On the subject of false declines, Briscoe noted that the industry is rejecting significantly more good transactions than there are cases of actual fraud. Javelin estimates that for every dollar of an actual confirmed fraud, $13 of legitimate transactions are falsely rejected. Information, along with communication, can be murky, said the executive, contributing to a confusing customer experience.
“Keep in mind, often a customer does not know why they’re getting declined, so they don’t know if they are being declined by the merchant or the card issuer in many cases,” he told PYMNTS.
Relationships can be damaged on the spot. With false-positives, the cardholder may opt to use a different payment card or try a different eCommerce website; 39 percent will abandon the transaction altogether.
In the case of a traditionally defined friendly fraud incident, explained Briscoe, cardholders call their bank or dispute by digital app, contending that they didn’t perform the transaction. In many cases, the issuer has no choice but to accept cardholders at their word.
“So, what you have here, of course, is a legitimate transaction that is being reported as fraud, and that drives the false decline experience. In some cases, with major digital goods brands, up to 90 percent of their fraud is friendly fraud,” he said, which has an outsized impact on fraud detection models. The net result is that card issuers end up unintentionally declining perfectly good transactions.
With the integrated suite from Ethoca, Briscoe said, amid calls by the cardholder disputing the charges, card issuers can tap into rich data at the individual level while on the phone with the customer. The data sync comes via API integration into the merchant system. A simple and quick conversation may show a misunderstanding on the part of the customer, who then might accept responsibility for the transaction. And the level of detail newly at the hands of the issuer may dissuade malicious intent at the outset — reducing more hostile forms of so-called “friendly fraud.”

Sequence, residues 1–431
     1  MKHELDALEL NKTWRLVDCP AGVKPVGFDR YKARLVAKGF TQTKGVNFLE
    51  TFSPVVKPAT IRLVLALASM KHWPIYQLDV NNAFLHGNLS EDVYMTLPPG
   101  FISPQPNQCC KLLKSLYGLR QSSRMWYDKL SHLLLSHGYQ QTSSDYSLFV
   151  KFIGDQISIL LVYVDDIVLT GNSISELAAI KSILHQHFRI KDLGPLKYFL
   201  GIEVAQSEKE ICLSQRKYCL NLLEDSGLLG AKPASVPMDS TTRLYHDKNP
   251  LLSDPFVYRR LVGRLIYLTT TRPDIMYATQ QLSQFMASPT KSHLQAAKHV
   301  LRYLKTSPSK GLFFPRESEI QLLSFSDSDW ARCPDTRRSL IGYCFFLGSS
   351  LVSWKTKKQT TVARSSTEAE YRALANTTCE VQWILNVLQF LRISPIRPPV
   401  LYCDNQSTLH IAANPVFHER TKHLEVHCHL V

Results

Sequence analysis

Beyond that first line of defense, other components of the suite include Ethoca Alerts — the company’s flagship product introduced in 2010.
Briscoe explained that if a customer still insists on disputing the transaction, card issuers participating in Ethoca’s network can offer up fraudulent or disputed transactions to Ethoca. The company’s merchants can stop the fulfillment of goods and services and refund the transaction to avoid the chargeback.
The third and final line of defense is Enhanced Representments. Briscoe told PYMNTS that merchants challenge the transaction with an eye on recovering revenue, done through automated, yet judicious, means that preserve the balance between card issuers and merchants.
“Regardless of rule processing changes, there are still going to be chargebacks,” he said. “Merchants are going to have to deal with the pain that those chargebacks create, and so will issuers. Dealing with these disputes as early as possible in the process — before they even become an official claim — is the key.”